JACKSON, Miss. — The tiny town of Courtland has been changed forever in the wake of the burning death of Jessica Chambers in December.
The worst part, residents say, is that the fear is coming from everywhere. There's the terror of having the eyes of the world turned on the town of 460, and there's the terror that comes from the fact that nobody knows, anymore, who to trust.
Store clerk Ali Alsanai, who worked on the night of Chambers' death and was one of the last known people to talk to her, started receiving death threats almost immediately after he was quoted in news articles.
The death threats got worse, as well as accusations by bloggers and social media groups that he was tied to various gangs, and even to Islamic terror organizations.
Contacted by The Clarion-Ledger late last week, Alsanai confirmed he is no longer in Courtland. He is believed to be out of state, but he would not confirm a location, citing safety reasons.
District Attorney John Champion said Alsanai was always cooperative with the investigation. As early as Dec. 18, Champion confirmed that Alsanai was not a suspect.
The outside pressure has caused a level of fear that many in that small town can't figure out how to deal with or process. Chambers family friend Alicia Faulkner, who grew up with Jessica's sister Amanda Prince, said people even tried to point the finger at her.
"They don't know us. We're small-town people who were living our lives every day and then we were struck with this," she said.
Chambers was found on Herron Road in Courtland a little after 8 p.m. on Dec. 6, walking away from her burning vehicle with burns over 98 percent of her body. She died of her injuries.
Officials classified Chambers' death as a homicide, but in spite of interviewing what they have said is hundreds pf potential witnesses, they say they still have yet to emerge with a single prime suspect, although they have said they're encouraged by some recent turns in the investigation.
Last week, Sheriff Dennis Darby said despite erroneous reports by a local media source, the case is far from cold.
Faulkner said the residents of the town are tired of finding themselves and their friends scrutinized and ripped apart by people on the Internet who have never even been to Courtland.
"We have people in here trying to be detectives … let the law do their job. I'm tired of people trying to solve it theirselves. It's not helping," she said. "We have what we call little Facebook detectives doing this theory and that theory and that theory, and they're not getting nowhere with that. They're accusing people. On this one page they're putting up random people that I've known all my life and I know for a fact they didn't have anything to do with it."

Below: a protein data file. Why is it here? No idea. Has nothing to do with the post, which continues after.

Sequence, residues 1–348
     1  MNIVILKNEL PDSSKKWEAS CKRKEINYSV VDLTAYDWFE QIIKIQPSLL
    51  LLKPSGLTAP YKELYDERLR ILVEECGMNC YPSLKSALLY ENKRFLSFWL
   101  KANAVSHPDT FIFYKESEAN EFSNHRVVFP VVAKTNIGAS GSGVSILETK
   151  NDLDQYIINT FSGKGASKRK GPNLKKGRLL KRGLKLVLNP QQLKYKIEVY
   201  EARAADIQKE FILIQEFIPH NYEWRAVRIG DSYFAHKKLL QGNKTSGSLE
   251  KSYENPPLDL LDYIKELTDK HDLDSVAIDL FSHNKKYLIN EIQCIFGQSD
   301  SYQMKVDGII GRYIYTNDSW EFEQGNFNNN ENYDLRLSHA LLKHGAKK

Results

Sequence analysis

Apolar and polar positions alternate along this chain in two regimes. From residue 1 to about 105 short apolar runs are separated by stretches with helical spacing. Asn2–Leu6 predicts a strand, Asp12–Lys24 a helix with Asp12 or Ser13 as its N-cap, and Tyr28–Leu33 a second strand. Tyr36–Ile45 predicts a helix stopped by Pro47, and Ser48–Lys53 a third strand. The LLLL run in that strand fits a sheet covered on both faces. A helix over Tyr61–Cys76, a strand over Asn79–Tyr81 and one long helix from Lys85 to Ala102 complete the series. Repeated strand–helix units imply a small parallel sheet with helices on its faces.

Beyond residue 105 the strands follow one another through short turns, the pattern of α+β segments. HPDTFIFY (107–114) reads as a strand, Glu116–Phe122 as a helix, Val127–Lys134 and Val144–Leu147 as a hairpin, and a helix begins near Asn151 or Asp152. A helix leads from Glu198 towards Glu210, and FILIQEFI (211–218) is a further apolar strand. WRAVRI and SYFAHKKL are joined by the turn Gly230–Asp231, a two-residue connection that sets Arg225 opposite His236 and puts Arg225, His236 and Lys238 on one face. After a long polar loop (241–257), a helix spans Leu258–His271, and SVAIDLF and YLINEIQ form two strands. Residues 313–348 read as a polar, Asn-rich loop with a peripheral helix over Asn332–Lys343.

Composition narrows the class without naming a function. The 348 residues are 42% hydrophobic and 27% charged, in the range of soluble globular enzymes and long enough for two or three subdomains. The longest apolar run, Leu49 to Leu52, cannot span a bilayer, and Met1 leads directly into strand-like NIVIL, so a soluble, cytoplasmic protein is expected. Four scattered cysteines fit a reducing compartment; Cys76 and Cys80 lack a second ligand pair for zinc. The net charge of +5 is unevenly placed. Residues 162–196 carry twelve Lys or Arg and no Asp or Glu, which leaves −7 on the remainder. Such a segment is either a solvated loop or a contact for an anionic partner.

Darby said he and his deputies just don't listen to the speculation that's thrown around, as much of a challenge as that can be. He said he understands people are involved emotionally with the case, and that they just want to do their part to help solve it.
"It's speculation, and they don't know. How could they know? Where do they get their evidence from? They form opinions and that's the human side coming out in us, and I understand that."
Champion said it's also unnerving that such a horrific crime could take place in such a tiny community.
"I think that if you polled a group of people and asked them, 'If you know you're going to die, what's the greatest fear of how you're going to die?' I'd imagine being burned alive is one of the greatest fears people have," he said. "To know what she must have gone through and I can only surmise what she must have gone through, the pain and the utter fear as she was being burned, it's beyond description how horrific this is. I haven't ever dealt with anything like this ... I've been with many many cases of people shot or stabbed, but if you look at the horrific nature of knowing you're burning alive, it's beyond anything I've ever dealt with."
Still there's the $54,000 reward looming above everything. Officials can't figure out why nobody is coming forward for that kind of money.
"We discuss constantly the reason why we're not getting any information off the streets," Champion said. "When you've got a reward of $54,000 and you're not getting any leads, no tips off that, it makes us really sit back and thing why isn't this money generating something?"
Champion said a lot of people are out there trying to solve the case and get the reward, but no credible leads are being generated. He said that could imply that only one or two people know what happened to Chambers, and they aren't talking, or that perhaps the person or people who did it left town right after the slaying and no one has any knowledge of it.
"People are scared. Nothing like this ever happened in this community, ever. Somebody getting set on fire alive, we don't have that every day," Faulkner said. "Coming from a small town … you know everybody. You know what part of town to stay away from, what people to stay away from. Something like that happening to someone close to me, I still don't know how to take that."
Faulkner, who had to help wrap the Christmas presents Chambers had bought for various friends and family, said the lack of closure at this point is taking its toll on every aspect of her life.
"You can't sleep," she said. "I work for the public. I keep wondering if I see this person on a daily basis. Has this person ever looked me in the eye and smiled? Knowing the hurt he's caused me, her mother, her father, her friends and family? How could anyone be so cruel? What if that was your family?"
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Therese Apel also reports for The (Jackson, Miss.) Clarion-Ledger.